One of the more interesting moments in Greg Barker’s new documentary The Final Year takes place at the United Nations in New York. President Obama is addressing the U.N. General Assembly for the last time, a coda to his eight years in office steering the United States through the currents of a fracturing global order. But the real action took place behind the scenes as Ben Rhodes, Obama’s deputy national security advisor, and Samantha Power, the U.S. ambassador to the U.N. recount their “huge fight.”
Power and Rhodes clashed on the substance of the speech. Rhodes and Obama believed the world was in a better place for the most part and they wanted the speech to reflect that. After all, the administration had negotiated a deal with Iran in a bid to restrain its nuclear ambitions and helped broker a landmark accord among 195 nations in Paris to combat climate change. Power, however, remained ever the realist, a product of her experience as a journalist chronicling the violent breakup of Yugoslavia in the 1990s and her unsuccessful efforts at the U.N. to push for more robust action on Syria over Russian objections. She described how she saw Obama’s last U.N. appearance as an opportunity to draw greater attention to the world’s most intractable problems.
“My world is a world where we have 65 million displaced, Yemen and Syria and Iraq, Nigeria, Cameroon, Chad, Central African Republic, Burundi, South Sudan, Darfur, Afghanistan of course, Venezuela imploding…” Power said. “There are concerns about terrorism, there is a fear of the other, and all the trends on democracy, right now at least, are going in the wrong direction.”
In the tug of war between the opposing poles of the Obama administration, Power lost. The tenor of Obama’s speech was optimistic, maintaining a belief in humanity’s better angels and outlining a future built on international cooperation.
Barker’s documentary hones in on the Obama foreign policy team as they decide how to best wield American power and influence to address some of the world’s most pressing challenges in the administration’s last year in office. Shot over a period of 90 days in 21 countries, the film’s main cast of characters include, in addition to Rhodes and Power, U.S. Secretary of State John Kerry; and National Security Adviser Susan Rice.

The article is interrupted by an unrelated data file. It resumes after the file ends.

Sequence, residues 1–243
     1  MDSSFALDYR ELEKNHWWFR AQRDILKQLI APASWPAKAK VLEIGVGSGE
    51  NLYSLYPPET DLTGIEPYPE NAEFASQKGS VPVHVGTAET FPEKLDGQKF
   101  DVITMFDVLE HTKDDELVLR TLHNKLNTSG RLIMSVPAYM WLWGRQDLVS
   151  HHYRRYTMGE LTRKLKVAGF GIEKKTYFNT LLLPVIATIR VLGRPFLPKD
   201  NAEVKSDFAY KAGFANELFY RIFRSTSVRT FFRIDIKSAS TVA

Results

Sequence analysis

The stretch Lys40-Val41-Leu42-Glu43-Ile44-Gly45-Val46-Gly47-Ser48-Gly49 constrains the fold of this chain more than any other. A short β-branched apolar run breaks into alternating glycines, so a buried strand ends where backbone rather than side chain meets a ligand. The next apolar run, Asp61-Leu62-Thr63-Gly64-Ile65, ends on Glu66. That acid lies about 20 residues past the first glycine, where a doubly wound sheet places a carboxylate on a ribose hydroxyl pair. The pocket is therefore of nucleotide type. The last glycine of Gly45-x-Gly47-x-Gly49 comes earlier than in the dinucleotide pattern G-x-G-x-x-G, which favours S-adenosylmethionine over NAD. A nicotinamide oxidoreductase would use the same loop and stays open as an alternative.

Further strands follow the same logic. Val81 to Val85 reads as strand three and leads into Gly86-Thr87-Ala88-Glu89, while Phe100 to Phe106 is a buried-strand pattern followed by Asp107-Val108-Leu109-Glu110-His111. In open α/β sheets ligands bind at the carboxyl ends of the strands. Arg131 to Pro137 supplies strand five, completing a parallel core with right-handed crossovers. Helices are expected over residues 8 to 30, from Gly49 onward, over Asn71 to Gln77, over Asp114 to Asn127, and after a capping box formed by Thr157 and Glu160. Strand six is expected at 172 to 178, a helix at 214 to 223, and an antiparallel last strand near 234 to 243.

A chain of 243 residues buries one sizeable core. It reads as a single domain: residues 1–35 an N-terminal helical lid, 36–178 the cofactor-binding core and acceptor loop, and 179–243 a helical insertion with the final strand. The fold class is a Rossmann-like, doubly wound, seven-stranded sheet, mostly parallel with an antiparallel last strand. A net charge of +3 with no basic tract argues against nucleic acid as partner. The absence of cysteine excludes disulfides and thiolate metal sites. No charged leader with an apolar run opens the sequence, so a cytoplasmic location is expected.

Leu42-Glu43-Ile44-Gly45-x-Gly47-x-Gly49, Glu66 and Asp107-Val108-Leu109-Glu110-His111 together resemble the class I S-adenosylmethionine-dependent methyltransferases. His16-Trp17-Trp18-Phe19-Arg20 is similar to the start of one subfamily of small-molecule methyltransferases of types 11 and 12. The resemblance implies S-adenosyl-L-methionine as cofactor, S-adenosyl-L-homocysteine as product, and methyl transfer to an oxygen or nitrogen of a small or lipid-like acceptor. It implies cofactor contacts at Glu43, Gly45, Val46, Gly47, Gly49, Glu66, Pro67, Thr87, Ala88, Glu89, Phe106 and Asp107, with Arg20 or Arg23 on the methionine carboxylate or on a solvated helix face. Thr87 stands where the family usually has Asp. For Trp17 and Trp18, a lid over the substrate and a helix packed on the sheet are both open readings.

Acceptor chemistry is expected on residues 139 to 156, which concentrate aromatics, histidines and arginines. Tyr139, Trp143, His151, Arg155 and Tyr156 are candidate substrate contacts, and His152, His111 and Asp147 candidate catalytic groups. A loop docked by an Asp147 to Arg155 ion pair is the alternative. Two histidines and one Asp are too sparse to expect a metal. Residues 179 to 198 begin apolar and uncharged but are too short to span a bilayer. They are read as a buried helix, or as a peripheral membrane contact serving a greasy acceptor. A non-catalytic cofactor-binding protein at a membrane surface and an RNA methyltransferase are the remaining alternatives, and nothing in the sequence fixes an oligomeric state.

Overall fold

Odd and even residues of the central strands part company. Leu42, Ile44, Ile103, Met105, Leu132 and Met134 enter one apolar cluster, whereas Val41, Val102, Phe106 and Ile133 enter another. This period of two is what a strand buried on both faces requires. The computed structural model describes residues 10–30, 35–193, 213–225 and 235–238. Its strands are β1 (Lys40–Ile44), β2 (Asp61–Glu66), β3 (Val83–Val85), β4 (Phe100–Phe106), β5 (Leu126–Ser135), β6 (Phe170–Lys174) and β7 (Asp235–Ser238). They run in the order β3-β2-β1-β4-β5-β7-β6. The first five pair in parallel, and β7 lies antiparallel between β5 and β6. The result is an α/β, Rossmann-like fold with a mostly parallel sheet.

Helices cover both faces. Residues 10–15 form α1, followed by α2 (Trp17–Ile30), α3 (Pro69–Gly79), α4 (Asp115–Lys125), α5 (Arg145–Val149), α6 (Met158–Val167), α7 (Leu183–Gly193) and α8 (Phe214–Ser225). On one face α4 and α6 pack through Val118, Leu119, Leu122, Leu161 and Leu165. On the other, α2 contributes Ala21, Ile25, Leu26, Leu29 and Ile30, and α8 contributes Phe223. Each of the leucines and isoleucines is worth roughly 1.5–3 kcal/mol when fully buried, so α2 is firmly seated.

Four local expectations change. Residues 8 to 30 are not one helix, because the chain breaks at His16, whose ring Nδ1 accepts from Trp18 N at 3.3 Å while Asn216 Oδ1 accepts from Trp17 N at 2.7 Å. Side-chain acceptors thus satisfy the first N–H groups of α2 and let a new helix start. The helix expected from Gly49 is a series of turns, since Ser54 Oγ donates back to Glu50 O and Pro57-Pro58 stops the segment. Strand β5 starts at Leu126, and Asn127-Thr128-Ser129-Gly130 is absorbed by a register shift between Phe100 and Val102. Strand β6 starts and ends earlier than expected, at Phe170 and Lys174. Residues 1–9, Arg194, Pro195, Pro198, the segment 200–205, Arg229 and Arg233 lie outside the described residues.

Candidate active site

There’s no shortage of problems for the globe-trotting team of diplomats to deal with. From wrangling to reach a ceasefire in Syria in the gilded conference halls of Vienna to hashing out the terms of a détente with Cuba, the Obama foreign policy team’s frenzied schedule reflects their need to jump from one crisis to the next.
Interestingly, Obama serves as a secondary character in his own administration and gets little screen time. Near the film’s end, though, he offers ruminations on the natural entropy of history—“it zigs and zags”—after Donald Trump’s shocking victory in the 2016 presidential race.
While Barker’s fly-on-the-wall approach adds a real-time element to the film, it tilts toward being deferential to its subjects. More often than not, Obama administration officials are more interested in burnishing their legacy rather than offering real insight into the challenges of governing. Seeing Kerry undergo the grunt work of statecraft becomes anticlimactic when all he has to say about it is “I’ve been very blessed to be able to go through a progression of experiences which underscore the value of experience.” (What is that?)
In the film’s attempts to lift the veil, there is some candor when it comes to the personal, though not much is offered in the realm of policymaking. Rhodes comes off as annoyed when he talks about the New York Times Magazine profile of him in which he made remarks about the Washington press corps as being ignorant and easily manipulated. And while there is debate about the mounting humanitarian crisis in Syria (the bombing of a U.N. aid convoy draws plenty of attention) viewers are left to guess what was said behind closed doors.
The 2016 presidential election is, thankfully, relegated to a distant backdrop for most of the film. Trump is barely mentioned in the first half, mostly hovering offscreen in the midst of a raucous campaign season that goes unseen.
In what turned out to be an unscripted ending, viewers are transported to an election night party at Power’s apartment, with prominent women such as the first female Secretary of State Madeleine Albright and activist Gloria Steinem in attendance. As it becomes clearer that Trump will be president, everyone’s optimism is subsumed by shock. The camera then jumps to Rhodes, who is dumbstruck by the turn of events. It’s a striking moment to see Obama’s speechwriter suddenly unable to articulate his thoughts as it dawns on him everything he has accomplished could be undone—by another president who has made it his goal to unravel eight years of Obama’s foreign policy.
A year into the Trump administration’s mission to reduce the United States’ role in the world, a thoughtful documentary on the subject is sorely needed. But Barker’s film isn’t it. It’s merely the polished version of the Obama doctrine, free of blemishes that could provoke debate over his handling of American foreign policy. Viewers will have to wait for a more definitive assessment of Obama’s approach to the world.
Photo: A scene from “The Final Year” (2017), directed by Greg Barker. Source: IMDb.